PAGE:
With winter well under way it’s tough to find the motivation to exercise in such harsh conditions. Here are some useful facts emphasising why you should continue your training during the colder months, and some useful tips to make it easier…
The repeated cycle
I know for a lot of people out there its extremely challenging to keep yourself motivated this time of year – it’s cold, it’s dark, it’s miserable. The temptation to hibernate creeps in and the procrastination begins. You say to yourself “I’ll start fresh in January” or “I’ve got five months to get back into shape after Christmas.” But all the results and hard work you’ve put in for the summer disappear and you end up back where you started basically repeating the same goals.
Long term vs short term goals
A common issue I find when first speaking to new clients the first time about what their goals are is that they are too generic. “I want to lose weight for the summer” or “I want to put on mass” – these have little substance or urgency and harder to measure. The chance of failure is greater. By setting weekly/monthly measurable goals throughout you have a much better chance of succeeding the overall goal.
Build and preserve
It goes without saying building muscle is far more difficult than burning fat. It’s during the winter months where the big “gains” occur therefore making life a lot easier when it comes to turn of the year, worrying about the lack of time you have to get into shape. You create a more balanced platform between shredding body fat and preserving muscle come spring and summer by being consistent over winter.
Taps your fat stores
If your prime focus is burning fat then performing any kind of exercise in colder temperatures is the perfect way to burn more calories as more energy is required to heat up the bodies core temperature.
This also has an impact on our resting metabolism as we find ourselves using our bodies reserve energy more often. Be sure then to make sure you have an evenly distributed balance between food intake and exercise ratio, to prevent energy depletion and low blood sugars that may inevitably cause a food binge.
Enhanced circulation – raise that heart rate
Any type of exercise that increases heart rate improves circulation. When your heart contracts at a higher rate, the increased volume of blood moves more rapidly through the arteries and veins of the body, thereby boosting circulation as well as oxygen and nutrient transportation to vital organs. By you choosing not to exercise during the colder months you actually increase the risk of accumulating diseases such as varicose veins, kidney disease, and even stroke due to your blood circulation being so poor.
Immune System Satisfaction
Unfortunately, this is that time of year where we’re floored by cold and flu. I’ve learnt to appreciate just how important my immune system is when trying to combat such infections as well as maintaining my winters training. Just a few simple lifestyle choices you make can help your body’s natural defences:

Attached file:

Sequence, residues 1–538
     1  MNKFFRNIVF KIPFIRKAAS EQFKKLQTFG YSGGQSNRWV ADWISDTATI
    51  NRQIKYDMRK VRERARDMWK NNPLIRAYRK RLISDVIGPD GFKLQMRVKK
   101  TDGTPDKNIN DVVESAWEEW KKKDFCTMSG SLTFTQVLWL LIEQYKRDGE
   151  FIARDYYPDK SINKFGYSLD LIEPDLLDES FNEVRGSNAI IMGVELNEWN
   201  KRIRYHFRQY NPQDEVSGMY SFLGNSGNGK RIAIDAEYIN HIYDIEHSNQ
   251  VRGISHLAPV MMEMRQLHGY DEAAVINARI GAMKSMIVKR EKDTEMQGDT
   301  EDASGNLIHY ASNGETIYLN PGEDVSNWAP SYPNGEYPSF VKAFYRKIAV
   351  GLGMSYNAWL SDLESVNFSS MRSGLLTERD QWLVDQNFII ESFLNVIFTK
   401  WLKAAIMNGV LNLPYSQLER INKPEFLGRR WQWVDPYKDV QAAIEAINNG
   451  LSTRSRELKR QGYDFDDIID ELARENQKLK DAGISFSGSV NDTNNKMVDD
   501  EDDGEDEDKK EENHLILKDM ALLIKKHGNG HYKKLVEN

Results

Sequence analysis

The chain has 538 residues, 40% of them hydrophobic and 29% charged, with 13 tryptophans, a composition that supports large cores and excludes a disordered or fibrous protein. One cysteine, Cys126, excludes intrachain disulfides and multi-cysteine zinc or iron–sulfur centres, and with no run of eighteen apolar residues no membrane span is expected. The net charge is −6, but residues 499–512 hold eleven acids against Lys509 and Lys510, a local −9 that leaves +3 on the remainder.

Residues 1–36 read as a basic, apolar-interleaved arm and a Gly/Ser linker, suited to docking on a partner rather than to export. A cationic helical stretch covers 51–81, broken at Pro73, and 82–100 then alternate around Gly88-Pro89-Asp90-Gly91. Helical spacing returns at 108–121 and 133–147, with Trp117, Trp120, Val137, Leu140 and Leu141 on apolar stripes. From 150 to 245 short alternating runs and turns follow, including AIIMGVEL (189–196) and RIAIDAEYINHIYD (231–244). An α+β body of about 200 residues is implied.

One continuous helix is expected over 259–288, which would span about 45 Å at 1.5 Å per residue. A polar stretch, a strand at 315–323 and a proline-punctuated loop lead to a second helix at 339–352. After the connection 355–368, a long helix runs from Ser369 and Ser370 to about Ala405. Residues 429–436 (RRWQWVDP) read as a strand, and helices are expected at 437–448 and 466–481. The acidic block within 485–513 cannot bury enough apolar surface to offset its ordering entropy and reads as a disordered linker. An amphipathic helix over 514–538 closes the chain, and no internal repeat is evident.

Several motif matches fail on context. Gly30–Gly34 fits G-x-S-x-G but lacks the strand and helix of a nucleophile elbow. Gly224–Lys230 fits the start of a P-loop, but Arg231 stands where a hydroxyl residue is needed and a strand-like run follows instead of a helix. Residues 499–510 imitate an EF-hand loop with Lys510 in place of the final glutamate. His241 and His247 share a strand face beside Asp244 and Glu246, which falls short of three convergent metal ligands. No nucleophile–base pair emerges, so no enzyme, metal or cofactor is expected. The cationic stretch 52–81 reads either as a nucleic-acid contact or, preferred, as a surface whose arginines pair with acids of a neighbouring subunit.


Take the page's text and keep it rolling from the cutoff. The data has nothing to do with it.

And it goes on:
• Diet – Eating a clean diet rich in vitamins and minerals, particularly in vitamin C gives you that support your immune system requires. Think green leafy veg such as kale and spinach. Foods containing zinc such as poultry and lean meats also help your immune system as well as control inflammation within your body.
• Fluid Increase – Drinking plenty of fluids helps your body’s cells to absorb nutrients and support your kidneys in dumping waste products and toxins, resulting in a stronger immune system which in turn supports other organs and muscles to work at full potential
Speaking from experience there’s nothing more rewarding than completing a long hard run during those frosty cold mornings. As well the physiological advantages mentioned earlier there is also the psychological side.
You certainly give yourself a lot more credit for training in tougher conditions and the mental stimulation you gain is priceless as you know you could have taken the easy option and stayed inside and do nothing.
Seasonal Affective Disorder (SAD)
Another fact in relation to mental health is what is known as Seasonal Affective Disorder (SAD), a form of clinical depression that people suffer particularly when the weather is dark and there is limited sunlight.
Close friends of mine suffer so bad from this you notice their mood is extremely low to the point they threaten to leave the country! One solution I would suggest would be to take advantage of the sunlight in the morning weather that be doing exercise or simply walking for a short period of time. You replenish vitamin D and endorphin levels.
By doing nothing over the winter months and instead choose that comfort eating remain indoors lifestyle we risk building up cholesterol levels that further increase our chances of developing diseases such as blood clots, stroke and heart attack.
Cholesterol also known as lipids, is a fatty substance produced by the liver and found in some foods and our bodies use them for things such as creating hormones, fat –soluble vitamins and aid food digestion. We create a problem for ourselves when too much cholesterol builds up inside the artery walls that leads to more serious health issues.
The Numbers and Facts You Need to Hear
A British psychologist Richard Wiseman performed a research study in 2007 and discovered that 88% of people who plan a new year’s resolution fail within less than a month after starting, further more discussing that the average person gains anywhere between 7-12 pounds over Christmas. Combine those two elements together and you have a recipe for disaster. Do the maths!